After the small detour in the
last episode, I intend to come back to the planned course. We still have some background to introduce before the TRip begins when detours become more the rule than the exception. Keep in mind that there are just two points fixed in time after departure.
I have written about how I was first attracted to British roadsters, and of how I redeemed my promise to own one. I add that that first MG led to two more new MG Bs, one new MG Midget, one almost new Austin Healey 3000, two Austin Healey Sprites, two well-used MG Bs, and two Triumph TR6s. Many of these I have since regretted having sold, but clearly, this list betrays a sort of insanity. I have been and still am just a bit wacko about Little British Cars. What did I do with them?
After the usual college follies in that first car, I discovered the fun of sports car clubs. I first joined one of these in 1971 or thereabouts. As I recall, there were about forty members, and the club centered on just three Indiana counties (read: small geographical area).
The planned agenda for this club was to sponsor two events each month in ten or eleven months of each year plus the monthly meeting. The solo events, autocross or gymkhana if you prefer, were not ordinarily scheduled in December or January. Rallies might be and most often were scheduled in every month but December. We had one hell of a good time; I recall only one mishap in which a member destroyed his MG – totally – as he rolled it down an embankment on a timed run after his right rear tire found some loose gravel as he was turning to the left under acceleration. No one was hurt, but the MG was toast.
There were rallies at night, too. Why else would there have been Marchal, Cibie, or Lucas driving lamps? My dedicated rally car would have had no problem lighting up the darkest corner of hell. It was not a good idea to forget to dip your headlights as you approached me when I was driving that little beast. I named him “Mike.” Why? No reason…
Beyond these club activities, my daily driver for the most part during a seven- or eight-year period was one of the MG Bs that I had purchased as new cars. The last of these was a 1972 model. His name was “Bobby.” Again, no reason. In those days, there was no particular significance to the names that I gave to my cars.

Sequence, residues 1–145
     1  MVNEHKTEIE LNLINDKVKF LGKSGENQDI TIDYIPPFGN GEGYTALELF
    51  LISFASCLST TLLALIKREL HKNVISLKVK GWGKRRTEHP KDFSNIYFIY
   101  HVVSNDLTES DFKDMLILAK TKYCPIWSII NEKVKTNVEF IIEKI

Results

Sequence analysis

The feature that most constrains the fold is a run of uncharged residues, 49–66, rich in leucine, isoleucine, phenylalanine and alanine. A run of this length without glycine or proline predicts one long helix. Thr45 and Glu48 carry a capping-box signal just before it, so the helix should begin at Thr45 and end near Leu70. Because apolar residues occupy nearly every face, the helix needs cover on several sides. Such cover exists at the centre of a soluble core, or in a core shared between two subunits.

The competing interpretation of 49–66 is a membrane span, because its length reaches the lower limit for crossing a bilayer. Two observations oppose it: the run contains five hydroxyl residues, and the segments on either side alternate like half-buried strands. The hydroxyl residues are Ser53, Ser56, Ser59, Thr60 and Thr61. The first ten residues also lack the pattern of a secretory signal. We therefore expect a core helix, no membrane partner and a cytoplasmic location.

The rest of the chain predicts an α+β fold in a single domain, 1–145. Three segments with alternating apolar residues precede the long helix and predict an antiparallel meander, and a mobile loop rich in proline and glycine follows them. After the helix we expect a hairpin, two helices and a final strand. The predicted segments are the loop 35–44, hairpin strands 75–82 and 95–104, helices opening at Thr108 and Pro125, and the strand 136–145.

On the roads as well as in the clubs that I joined, it was common to see MGs, Triumphs, the beautiful Lotus Elan, Sunbeam Alpines and Tigers, various Austin Healeys, Jaguars, the Japanese Datsun 1600 and 2000 cars, and Fiats from Italy. I think that it may have been from these last that the Britishcopied the engineering concept called rust. It is possible that the Italians licensed rust to the Brits, too, I’m not really sure. TheBrits improved rust over the Italian prototype. There was a custom, a recognition of fraternity, of waving at one another as we met on the roads. I always refused to wave at Fiats…
Today both we and our cars are older. There are no fraternal waves exchanged, and far fewer encounters with other LBCs (or Japanese or Italian cars) except at shows or other events, and, in my part of the world, very few clubs. That is a shame.
I live about sixty miles from the nearest British car club, about 200 miles from the nearest MG club, and 400 miles from the nearest Triumph club. These folks, good people I am sure, generally host a monthly meeting and a monthly coffee and bullshit breakfast. That’s it.
It appears that once each summer or early autumn, they drive off for a weekend together with a show and some day drives. No autocross, no rallies, no daytrips. This is not exactly my idea of an active organization even though I am approaching Old Fart status. So…Polly and I have formed our own club: “Triunfo Solitario,” honoring the Spanish heritage of the American West. We are going to drive. We are going to go places and see things.